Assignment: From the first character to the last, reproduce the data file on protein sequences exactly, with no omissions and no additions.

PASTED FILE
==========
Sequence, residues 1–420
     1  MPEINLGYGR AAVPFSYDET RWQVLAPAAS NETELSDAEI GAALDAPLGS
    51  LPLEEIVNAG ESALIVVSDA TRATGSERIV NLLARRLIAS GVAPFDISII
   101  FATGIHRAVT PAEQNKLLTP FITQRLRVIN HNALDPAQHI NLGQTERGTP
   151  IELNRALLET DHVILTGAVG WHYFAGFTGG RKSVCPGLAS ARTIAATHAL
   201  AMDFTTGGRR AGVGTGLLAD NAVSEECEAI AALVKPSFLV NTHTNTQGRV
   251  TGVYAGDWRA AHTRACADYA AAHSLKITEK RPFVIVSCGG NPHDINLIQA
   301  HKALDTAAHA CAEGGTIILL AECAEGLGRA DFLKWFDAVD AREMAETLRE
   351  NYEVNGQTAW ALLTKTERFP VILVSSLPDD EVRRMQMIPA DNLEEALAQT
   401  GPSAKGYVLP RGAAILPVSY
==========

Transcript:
Sequence, residues 1–420
     1  MPEINLGYGR AAVPFSYDET RWQVLAPAAS NETELSDAEI GAALDAPLGS
    51  LPLEEIVNAG ESALIVVSDA TRATGSERIV NLLARRLIAS GVAPFDISII
   101  FATGIHRAVT PAEQNKLLTP FITQRLRVIN HNALDPAQHI NLGQTERGTP
   151  IELNRALLET DHVILTGAVG WHYFAGFTGG RKSVCPGLAS ARTIAATHAL
   201  AMDFTTGGRR AGVGTGLLAD NAVSEECEAI AALVKPSFLV NTHTNTQGRV
   251  TGVYAGDWRA AHTRACADYA AAHSLKITEK RPFVIVSCGG NPHDINLIQA
   301  HKALDTAAHA CAEGGTIILL AECAEGLGRA DFLKWFDAVD AREMAETLRE
   351  NYEVNGQTAW ALLTKTERFP VILVSSLPDD EVRRMQMIPA DNLEEALAQT
   401  GPSAKGYVLP RGAAILPVSY